Data has shown Earth has seen a rapid temperature climb over the past century and it looks like 2020 is continuing that trend at a record pace over the past 10 months.
Globally, October 2020 now stands in fourth place for the hottest October ever recorded.
According to the National Oceanic and Atmospheric Administration, the average global land and ocean surface temperature for October 2020 was 1.53 degrees above the 20th century average.
A record-breaking October has become a common occurrence, with the top seven hottest Octobers all occurring in the last seven years.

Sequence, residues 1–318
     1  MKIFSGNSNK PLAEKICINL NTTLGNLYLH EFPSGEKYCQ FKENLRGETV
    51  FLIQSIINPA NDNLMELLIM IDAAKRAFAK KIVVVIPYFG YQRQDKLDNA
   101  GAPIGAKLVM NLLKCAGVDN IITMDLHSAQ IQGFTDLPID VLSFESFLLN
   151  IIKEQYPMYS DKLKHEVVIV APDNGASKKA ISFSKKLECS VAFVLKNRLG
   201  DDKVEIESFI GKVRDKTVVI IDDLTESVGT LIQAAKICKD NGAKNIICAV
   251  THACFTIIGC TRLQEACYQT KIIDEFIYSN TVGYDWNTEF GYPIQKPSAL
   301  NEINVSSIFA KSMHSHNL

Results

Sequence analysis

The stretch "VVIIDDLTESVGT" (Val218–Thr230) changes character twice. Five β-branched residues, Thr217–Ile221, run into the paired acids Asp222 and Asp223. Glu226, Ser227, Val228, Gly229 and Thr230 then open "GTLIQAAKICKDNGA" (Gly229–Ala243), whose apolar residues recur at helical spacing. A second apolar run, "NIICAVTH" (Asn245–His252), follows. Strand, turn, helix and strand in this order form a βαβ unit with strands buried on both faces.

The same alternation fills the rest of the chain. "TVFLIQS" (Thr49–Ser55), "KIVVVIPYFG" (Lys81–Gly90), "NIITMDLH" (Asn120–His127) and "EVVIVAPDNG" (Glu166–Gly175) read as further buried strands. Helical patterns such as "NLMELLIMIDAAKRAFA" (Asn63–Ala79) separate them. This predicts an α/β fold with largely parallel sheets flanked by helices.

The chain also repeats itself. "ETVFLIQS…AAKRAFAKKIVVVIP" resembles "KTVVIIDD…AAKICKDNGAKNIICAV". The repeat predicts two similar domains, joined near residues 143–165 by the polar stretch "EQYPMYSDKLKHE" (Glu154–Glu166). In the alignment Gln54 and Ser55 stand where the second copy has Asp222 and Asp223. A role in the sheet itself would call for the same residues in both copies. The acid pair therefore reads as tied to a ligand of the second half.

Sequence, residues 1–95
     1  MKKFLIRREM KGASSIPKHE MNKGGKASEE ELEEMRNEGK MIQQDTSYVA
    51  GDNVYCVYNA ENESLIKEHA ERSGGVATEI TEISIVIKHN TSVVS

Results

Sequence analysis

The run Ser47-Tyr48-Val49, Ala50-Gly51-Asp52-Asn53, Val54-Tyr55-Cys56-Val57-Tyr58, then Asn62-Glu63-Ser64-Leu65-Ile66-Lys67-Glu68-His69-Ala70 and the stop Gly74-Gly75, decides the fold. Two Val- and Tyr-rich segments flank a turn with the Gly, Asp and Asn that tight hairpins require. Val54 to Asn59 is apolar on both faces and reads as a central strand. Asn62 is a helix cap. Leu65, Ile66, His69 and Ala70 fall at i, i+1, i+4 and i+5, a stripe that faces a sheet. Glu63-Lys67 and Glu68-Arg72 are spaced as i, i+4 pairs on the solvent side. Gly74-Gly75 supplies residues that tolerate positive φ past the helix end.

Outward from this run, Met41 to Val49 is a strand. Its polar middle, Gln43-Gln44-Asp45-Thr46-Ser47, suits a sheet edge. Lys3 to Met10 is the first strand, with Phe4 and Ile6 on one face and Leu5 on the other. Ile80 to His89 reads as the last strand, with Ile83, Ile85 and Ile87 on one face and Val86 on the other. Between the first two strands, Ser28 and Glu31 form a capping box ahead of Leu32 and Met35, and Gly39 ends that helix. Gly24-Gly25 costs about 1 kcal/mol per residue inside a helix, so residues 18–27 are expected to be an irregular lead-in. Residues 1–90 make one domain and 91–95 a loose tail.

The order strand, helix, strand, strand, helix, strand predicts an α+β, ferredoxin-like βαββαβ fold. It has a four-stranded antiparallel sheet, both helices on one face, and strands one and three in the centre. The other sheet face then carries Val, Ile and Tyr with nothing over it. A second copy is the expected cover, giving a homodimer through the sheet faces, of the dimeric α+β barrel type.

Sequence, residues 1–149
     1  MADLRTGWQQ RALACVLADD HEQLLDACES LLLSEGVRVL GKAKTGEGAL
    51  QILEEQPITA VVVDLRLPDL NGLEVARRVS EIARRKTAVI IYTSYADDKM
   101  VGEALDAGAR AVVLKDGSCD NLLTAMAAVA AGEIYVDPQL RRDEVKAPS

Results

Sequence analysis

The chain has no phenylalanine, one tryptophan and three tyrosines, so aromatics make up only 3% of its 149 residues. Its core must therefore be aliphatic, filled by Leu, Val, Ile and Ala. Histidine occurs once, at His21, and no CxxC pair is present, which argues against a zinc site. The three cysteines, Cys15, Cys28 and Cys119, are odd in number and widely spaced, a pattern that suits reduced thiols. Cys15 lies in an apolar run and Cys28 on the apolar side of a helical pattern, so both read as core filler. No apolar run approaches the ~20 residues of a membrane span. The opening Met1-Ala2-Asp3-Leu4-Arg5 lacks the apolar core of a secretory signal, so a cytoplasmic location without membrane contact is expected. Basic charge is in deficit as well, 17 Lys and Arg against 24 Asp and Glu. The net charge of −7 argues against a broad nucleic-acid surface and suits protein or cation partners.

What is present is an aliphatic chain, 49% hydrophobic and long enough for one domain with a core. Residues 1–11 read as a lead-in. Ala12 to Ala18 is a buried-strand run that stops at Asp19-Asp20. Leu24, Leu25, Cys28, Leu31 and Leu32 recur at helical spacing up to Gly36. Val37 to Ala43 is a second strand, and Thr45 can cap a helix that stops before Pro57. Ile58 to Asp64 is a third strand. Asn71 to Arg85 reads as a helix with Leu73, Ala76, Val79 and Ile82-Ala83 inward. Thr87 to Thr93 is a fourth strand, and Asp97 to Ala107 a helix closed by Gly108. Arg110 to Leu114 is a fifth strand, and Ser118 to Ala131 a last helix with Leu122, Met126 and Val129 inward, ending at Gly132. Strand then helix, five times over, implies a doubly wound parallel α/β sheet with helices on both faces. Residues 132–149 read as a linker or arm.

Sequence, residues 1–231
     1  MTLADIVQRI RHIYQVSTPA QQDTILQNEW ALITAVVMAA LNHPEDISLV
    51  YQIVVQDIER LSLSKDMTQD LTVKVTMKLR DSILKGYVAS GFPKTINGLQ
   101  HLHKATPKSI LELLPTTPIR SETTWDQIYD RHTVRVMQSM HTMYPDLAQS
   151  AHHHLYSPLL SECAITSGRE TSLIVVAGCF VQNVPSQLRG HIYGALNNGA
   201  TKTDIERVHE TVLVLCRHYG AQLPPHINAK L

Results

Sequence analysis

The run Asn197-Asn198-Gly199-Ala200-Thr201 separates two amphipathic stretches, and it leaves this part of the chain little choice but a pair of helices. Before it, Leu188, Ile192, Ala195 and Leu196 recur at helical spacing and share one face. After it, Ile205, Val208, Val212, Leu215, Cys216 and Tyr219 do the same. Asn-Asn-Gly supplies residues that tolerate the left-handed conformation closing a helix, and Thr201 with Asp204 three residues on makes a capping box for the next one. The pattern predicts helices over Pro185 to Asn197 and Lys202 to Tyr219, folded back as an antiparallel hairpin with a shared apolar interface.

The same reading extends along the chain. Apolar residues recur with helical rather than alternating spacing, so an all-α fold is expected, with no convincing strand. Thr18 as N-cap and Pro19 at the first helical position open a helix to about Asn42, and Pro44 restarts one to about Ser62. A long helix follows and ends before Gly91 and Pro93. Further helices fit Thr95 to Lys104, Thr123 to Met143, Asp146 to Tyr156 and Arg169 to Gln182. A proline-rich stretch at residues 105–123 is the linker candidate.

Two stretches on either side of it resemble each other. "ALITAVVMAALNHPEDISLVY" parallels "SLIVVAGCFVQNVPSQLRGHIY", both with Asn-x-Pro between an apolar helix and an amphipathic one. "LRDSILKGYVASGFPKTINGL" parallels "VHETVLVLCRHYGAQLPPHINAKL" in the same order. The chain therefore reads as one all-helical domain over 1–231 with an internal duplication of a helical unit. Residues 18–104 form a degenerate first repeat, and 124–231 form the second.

During this time, the arctic sea saw a new record low. The coverage was 36.8% below the average, the smallest October extent on record. This surpasses the previous October record-low coverage set just last year.
Even with the melting ice cover and record heat, the Northern Hemisphere’s snow coverage last month was the 10th largest October snow cover on record for the month.
These are some other significant climate anomalies and events that occurred during October 2020.
With October now in the books, 2020 is on track to being the second hottest year on record. The year-to-date global temperature was a whopping 1.80 degrees above the average. This is also only 0.05 degrees shy of tying the record set in 2016.
Locally, we are also on track to see the hottest year on record in Orlando, Melbourne and Sanford.